We are also supporting efforts by the Global Counterterrorism Forum (GCTF) and the International Institute for Justice and the Rule of Law (IIJ) to develop toolkits on countering REMVE, which are available on the GCTF and IIJ websites.

Before I turn the floor over to Mike, I want to touch on some of the REMVE trends related to the global REMVE movement.

Trend #1: Accelerationists, who believe mass-casualty violence against their perceived enemies will lead to a race war and the eventual creation of a racially pure state, have called for attacks on critical infrastructure, including in the energy and transportation sectors, thereby attempting to undermine confidence in government, endanger populations, damage the economy, and hasten the breakdown of society.

Trend #2: Threatening and intimidating politicians and harassing refugee, immigrant, and LGBTQI+ populations.

Trend #3: Research by the NGO Moonshot shows that Russia-based bots and trolls have had a heavy hand in attempting to promote anti-Ukraine rhetoric, falsely alleging that Ukrainian citizens fleeing Russia’s war of aggression against Ukraine are actually economic migrants and that they are draining the resources of Poland and other countries.

Trend #4: Antisemitism and Holocaust denial: The Kremlin and pro-Russia actors distort and try to instrumentalize the history of the Holocaust and the Second World War in a cynical attempt to justify Russia’s violence against Ukraine, along with their other malign political aims. The Kremlin’s false narratives are not only shameful, they distracts from genuine efforts to come to raise awareness and grapple with the real and growing global threat of REMVE, including neo-Nazism, antisemitism, anti-Muslim hatred, xenophobia, and other forms of hatred.

Trend #5: The Transnational Nature of REMVE; with the 2019 Christchurch attacks being the most prominent example. In the wake of the attack on Muslim worshippers at two mosques in Christchurch, New Zealand, investigators found a “trail of breadcrumbs” the perpetrator left across Central and Eastern Europe in 2018 while meeting other white supremacists and visiting sites of religious and ethnic strife. Although the perpetrator’s travels to this region may not have had tactical value, he found inspiration and support from those who share his ideology. Since his attack, the perpetrators of other REMVE attacks from Buffalo to Bratislava have praised this sick man and other REMVE actors.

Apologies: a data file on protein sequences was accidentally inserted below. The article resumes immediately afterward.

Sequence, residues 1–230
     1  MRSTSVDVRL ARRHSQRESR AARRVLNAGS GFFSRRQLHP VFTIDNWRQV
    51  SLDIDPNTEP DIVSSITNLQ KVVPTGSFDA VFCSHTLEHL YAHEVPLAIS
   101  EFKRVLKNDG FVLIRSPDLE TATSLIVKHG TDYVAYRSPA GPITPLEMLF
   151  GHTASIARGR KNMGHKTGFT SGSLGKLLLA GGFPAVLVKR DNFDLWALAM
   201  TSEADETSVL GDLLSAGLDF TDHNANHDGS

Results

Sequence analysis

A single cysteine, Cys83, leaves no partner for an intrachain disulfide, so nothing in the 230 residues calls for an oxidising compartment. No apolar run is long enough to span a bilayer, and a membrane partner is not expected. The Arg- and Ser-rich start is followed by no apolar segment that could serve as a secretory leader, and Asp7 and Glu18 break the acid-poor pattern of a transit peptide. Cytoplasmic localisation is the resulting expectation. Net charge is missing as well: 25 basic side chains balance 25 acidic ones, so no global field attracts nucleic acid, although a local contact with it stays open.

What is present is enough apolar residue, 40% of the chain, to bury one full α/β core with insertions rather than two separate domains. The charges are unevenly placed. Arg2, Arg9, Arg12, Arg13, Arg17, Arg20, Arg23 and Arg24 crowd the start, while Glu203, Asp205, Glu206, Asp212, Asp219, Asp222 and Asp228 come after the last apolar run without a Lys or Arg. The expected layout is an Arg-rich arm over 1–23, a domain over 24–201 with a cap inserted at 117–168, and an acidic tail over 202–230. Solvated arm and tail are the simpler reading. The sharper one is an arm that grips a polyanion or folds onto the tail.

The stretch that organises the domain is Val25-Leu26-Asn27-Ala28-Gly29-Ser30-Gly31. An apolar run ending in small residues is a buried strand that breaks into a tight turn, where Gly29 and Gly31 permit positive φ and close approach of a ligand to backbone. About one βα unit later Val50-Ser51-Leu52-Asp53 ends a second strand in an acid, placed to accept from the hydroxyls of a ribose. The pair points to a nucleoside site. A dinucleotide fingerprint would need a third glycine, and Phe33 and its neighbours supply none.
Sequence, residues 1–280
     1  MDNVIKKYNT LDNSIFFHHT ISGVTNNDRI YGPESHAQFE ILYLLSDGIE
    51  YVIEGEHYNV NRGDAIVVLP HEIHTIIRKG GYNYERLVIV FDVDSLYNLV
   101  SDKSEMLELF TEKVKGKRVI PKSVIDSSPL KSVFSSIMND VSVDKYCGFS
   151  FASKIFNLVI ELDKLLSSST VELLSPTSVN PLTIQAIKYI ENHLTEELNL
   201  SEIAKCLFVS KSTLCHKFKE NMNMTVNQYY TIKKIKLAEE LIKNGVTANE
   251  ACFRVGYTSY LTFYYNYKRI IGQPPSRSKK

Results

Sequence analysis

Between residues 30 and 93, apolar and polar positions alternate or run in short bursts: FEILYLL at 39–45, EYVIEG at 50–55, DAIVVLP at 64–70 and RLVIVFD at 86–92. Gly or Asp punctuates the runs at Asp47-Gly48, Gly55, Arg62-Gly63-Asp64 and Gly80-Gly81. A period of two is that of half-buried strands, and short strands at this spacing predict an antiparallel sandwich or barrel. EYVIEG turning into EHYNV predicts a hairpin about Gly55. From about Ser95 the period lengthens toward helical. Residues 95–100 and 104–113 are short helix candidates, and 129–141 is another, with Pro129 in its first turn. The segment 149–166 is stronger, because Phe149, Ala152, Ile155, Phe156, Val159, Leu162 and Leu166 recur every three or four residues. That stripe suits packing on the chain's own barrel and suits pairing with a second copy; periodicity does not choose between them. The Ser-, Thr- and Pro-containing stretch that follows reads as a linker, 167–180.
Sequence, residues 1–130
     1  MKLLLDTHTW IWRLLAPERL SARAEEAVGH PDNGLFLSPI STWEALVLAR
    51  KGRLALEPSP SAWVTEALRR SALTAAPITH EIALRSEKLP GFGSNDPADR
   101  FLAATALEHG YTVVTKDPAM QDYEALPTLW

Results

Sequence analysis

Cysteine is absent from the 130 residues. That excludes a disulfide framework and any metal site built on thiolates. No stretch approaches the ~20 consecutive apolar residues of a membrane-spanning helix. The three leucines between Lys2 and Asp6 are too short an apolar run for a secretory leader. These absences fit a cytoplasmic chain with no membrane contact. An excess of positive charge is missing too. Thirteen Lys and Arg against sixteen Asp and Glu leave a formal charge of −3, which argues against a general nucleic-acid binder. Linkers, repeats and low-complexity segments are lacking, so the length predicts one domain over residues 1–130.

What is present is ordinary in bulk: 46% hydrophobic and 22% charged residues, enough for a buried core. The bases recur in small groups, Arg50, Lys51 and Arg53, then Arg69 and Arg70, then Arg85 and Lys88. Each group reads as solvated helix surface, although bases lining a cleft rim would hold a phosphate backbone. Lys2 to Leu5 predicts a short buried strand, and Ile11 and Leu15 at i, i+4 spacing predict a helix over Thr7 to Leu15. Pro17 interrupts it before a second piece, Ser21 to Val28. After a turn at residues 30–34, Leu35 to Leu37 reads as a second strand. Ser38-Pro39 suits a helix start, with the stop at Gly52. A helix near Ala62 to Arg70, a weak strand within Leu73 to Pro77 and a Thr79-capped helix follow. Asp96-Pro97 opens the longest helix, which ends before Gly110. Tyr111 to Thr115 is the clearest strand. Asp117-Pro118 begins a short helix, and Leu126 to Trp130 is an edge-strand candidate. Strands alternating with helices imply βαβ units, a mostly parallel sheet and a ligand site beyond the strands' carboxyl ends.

We also saw the transnational nature of REMVE in Hanau, Germany, in February 2020, when a 43-year-old white supremacist, who had obtained weapons training at a commercial facility in Slovakia, opened fire on two shisha bars in a racially motivated attack. He killed nine people before killing his mother and then himself.

Further, we have seen an escalation in violence perpetrated by REMVE actors who are increasingly interconnected, some adopting and amplifying each other’s manifestos and violent ideologies, syncing together online and offline, across borders, and sharing ideas, ideologies, and tactics.

Finally—and we see this increasingly at home in the United States—we are seeing the mainstreaming of divisive and misleading rhetoric from public figures who stoke fear and anxiety by peddling disinformation about contentious issues, including about refugees and immigrants, and about government responses to global challenges such as the COVID-19 pandemic, inflation, and climate change.

For example, each time public figures directly or indirectly reference in a manner to lend credence to “Great Replacement Theory” it legitimize the rhetoric of REMVE actors who want to radicalize, recruit, and mobilize to violence vulnerable people who feel as though they are being left behind by rapid social changes and disproportionately impacted by economic downturns.

Our elected leaders have an important role to play in dousing the flames of hatred, bigotry, and xenophobia.

To this end, President Biden convened a “United We Stand” summit at the White House in September, in response to numerous incidents of hate-fueled violence in the United States. As President Biden said, “an attack on one group of us is…an attack on all of us.” The summit highlighted a historic package of new actions the federal government, and civic, faith, philanthropic, and business leaders will take to address hate-fueled violence and advance national unity within the United States. The mayoral dialogue we are sponsoring in The Hague over the next two days is part of our international call to action.

Before I conclude, I want to take a moment to recognize the outstanding work our colleague, Ms. Marie-Helene Desomer, has done in the Public Affairs Section at U.S. Embassy Brussels over the years. She has been at the heart of every P/CVE-related activity we have supported in Belgium, providing us with great suggestions for programs to support and helping make our ideas even better.

Last month, Timothy Betts, the Senior Bureau Official for the Bureau of Counterterrorism, recognized Marie-Helene for her work with a Franklin Award. While we are grateful for the contributions all our colleagues at U.S. Embassy Brussels have made over the years, no one has helped further our partnership with Belgium like Marie-Helene. It will be a bittersweet day when you retire next spring. You will be missed but you have provided us all with motivation and mission to continue your invaluable work.

Thank you.

U.S. Department of State